In other words, one might use a very special grid with radial lines radiating from the exact projected point xy which are then homed in on by the grid sensor on the robot. One can have many, many such homing radial lines arrangements on any one grid in a projector.
FIG. 4 illustrates the above points. A projection source 210 projects discreet radial grid 215 and concentric ring grids 220 along specific lines in space from which suitable homing routines can also be provided. Detectors can be circular diode arrays, square arrays, points detectors, linear arrays and the like.
In the case shown, robot arm with one or more resolvers such as 226, is equipped with a circular diode array 730 (a Reticon 720C) composed of 720 elements. This array scans and instructs the robot to position centered on the centerline of radial grid 215 (center is present when all spacings between lines are equal) and oriented such that the axis x of the robot arm is along the axis of the wide line 740 of the projected radial grid. This wide line for example can be easily detected if it subtends 2x the number of detector elements as the others.
Thus both centering on an xy location as well as orientation have been achieved without reliance on the robots own axes.
The circular grid 220 is also useful for centering when an xy detector such as a linear or matrix array such as 750 is used. It also can be used for pitch or roll orientation (ie changes in γ or β) due to core shortening one or the other projected circular axes (ie. apparent change into an eclipse) detectable by the array and its analysis circuit and microcomputer 755.
Grids made especially for a given operation or part could be used mounted in a changeable turret which could be changed periodically from part to part etc. This gets to be rather interesting because what the grids are really storing could be actual data concerning the operation part and would be in effect an adjunct to the computer memory.
FIG. 5 is an embodiment of the invention illustrating the use of interchangeable grids or patterns of any sort. Illustrated too, is a pattern which actually guides the robot in the travel path to be taken. It is noted that this path can be flexibly and digitally generated in the FIG. 1 example via data fed to the galvo coordinate axes.
As shown, light source 270 projects through mask 271 containing the pattern desired which is imaged and projected by lens 272 into space. Grid 271 is one of several on a rotatable turret 273 which may be changed to suit different operations, parts or both.
Robot arm 302 with pattern detector 301 and associated analysis means has locked on to the pattern at the start location (dotted lines) and followed the projected image pattern arriving finally at point P as shown.
Again all actions are possible to better than 0.02 mm with no reliance on the robot's own positioning axes sensors (which may not be able to account for droop, etc.). It is also fast acting as the photodetectors have a very high response speed.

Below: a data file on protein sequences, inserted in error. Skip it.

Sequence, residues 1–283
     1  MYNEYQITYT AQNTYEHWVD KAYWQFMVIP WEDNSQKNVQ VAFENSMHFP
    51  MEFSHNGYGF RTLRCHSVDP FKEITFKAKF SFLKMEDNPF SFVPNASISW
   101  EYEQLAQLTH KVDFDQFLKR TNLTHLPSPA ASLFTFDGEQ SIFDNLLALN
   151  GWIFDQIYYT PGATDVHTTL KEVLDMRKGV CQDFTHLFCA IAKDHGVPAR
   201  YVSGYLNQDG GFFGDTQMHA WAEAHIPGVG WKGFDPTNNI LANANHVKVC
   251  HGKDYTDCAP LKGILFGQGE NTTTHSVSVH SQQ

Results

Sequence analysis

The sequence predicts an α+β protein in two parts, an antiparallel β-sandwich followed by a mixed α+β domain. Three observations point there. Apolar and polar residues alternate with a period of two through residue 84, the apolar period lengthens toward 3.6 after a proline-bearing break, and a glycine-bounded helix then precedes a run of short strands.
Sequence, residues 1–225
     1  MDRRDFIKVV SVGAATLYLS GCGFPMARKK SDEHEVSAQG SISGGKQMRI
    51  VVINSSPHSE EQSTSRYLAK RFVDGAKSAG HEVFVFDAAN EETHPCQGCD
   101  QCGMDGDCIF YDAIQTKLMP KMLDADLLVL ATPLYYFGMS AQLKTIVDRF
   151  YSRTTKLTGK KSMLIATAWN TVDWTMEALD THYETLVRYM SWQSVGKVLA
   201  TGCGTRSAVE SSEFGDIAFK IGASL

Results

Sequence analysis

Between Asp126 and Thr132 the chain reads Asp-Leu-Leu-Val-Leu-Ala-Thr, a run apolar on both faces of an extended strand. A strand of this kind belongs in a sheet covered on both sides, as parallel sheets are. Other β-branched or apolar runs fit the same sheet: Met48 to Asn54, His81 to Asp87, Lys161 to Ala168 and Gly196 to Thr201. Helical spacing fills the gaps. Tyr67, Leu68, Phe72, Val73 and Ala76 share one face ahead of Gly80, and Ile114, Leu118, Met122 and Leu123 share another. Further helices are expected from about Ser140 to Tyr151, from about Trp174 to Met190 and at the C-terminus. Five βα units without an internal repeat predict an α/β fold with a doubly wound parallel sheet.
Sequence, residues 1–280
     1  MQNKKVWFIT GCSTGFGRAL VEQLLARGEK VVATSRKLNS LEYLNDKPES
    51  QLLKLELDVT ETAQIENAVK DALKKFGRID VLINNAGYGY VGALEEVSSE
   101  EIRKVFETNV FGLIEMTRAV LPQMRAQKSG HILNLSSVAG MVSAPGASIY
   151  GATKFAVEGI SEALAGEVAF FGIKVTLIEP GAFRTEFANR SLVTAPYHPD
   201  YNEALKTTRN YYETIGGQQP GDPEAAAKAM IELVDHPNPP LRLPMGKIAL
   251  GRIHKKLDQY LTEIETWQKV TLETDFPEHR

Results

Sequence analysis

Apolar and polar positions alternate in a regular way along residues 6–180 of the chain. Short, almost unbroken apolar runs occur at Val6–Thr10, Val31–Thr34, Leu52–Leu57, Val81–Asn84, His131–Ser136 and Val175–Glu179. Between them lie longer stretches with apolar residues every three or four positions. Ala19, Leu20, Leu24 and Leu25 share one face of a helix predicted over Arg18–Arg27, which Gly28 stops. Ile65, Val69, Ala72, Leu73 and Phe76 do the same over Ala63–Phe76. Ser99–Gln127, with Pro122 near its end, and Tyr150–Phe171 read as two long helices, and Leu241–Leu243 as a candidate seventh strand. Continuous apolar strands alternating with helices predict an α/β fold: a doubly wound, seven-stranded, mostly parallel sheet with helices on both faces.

FIG. 6 illustrates an embodiment utilized for tracking one or more zones of light carried on the robot arm, gripper or any other suitable location. In this example, a single light source 400 preferably modulated, a LED, diode laser or flash lamp is mounted on robot arm 401. Its output is detected by image sensor 402, typically comprising a matrix array on whose face an image 408 is formed by lens 404 of the light source `spot`.
Microcomputer 420 interrogates array 403 to determine the location of the spot image 408 in two axes and hence the robot arm. Hardware processing such as described in the referenced applications is of value in finding the spot or zone locations.
To obtain three dimensions a second image scanner 430 is utilized either with source 400 or a second source 410 aimed in the direction of 430.
Analog image sensors such as Vidicons or position sensing photo cells such as the UDT SC-10 can also be used but these don't have the dimensional stability of the diode arrays. However, the SC-10 can be used with modulated LEDs to provide low cost stray light rejection--a desirable goal. This can also be done with diode laser sources and interference filters such as 431 (dotted lines) in conjunction with diode arrays.
The largest matrix arrays typically have 256×256 lines at this writing. If more resolution is required, the image scanner of FIG. 6b can be used which uses a digitally encoded rotary mirror 419 to sweep the spot image 420 formed by lens 421 past a large 2048 element linear array 422. Thus resolution can be 2048×2048, all digital and drift free. The line of elements of 422 extends out of the plane of the paper.
Actually resolution can be 16x this using circuits disclosed in the referenced copending applications, yielding 32,000×32,000 resolution of field of view. This is crucial for high accuracy positioning over a large area.
Also shown in FIG. 6b is a dual LED or laser produced zone in which the dark space between is detected. This can be more reliable than a single diode laser operating in the TEM01 mode.
For use with the 6b apparatus, the light source must be on for a sufficient time to allow the mirror scan to "find" it. However, one can also track the spot with the mirror to keep it on the array, said tracking performed using feedback data from the array to the scan drivers. Analog feedback mirrors rather than digital encoded types can also be used.
Another type of control system described in this application essentially utilizes the laser tracking or light spot tracking concepts of FIG. 1 or 6 above but for the purpose of simply correcting mechanical deflections of the mechanical system of the robot or other system in one or more axes. This is shown in FIG. 7a relative to a coordinate measuring machine in cartesian coordinates where the horizontal arm which causes a moment is corrected via a laser beam system. This correction provides a lower cost system since the errors are dynamically corrected rather than having to be built in tremendous rigid fashion.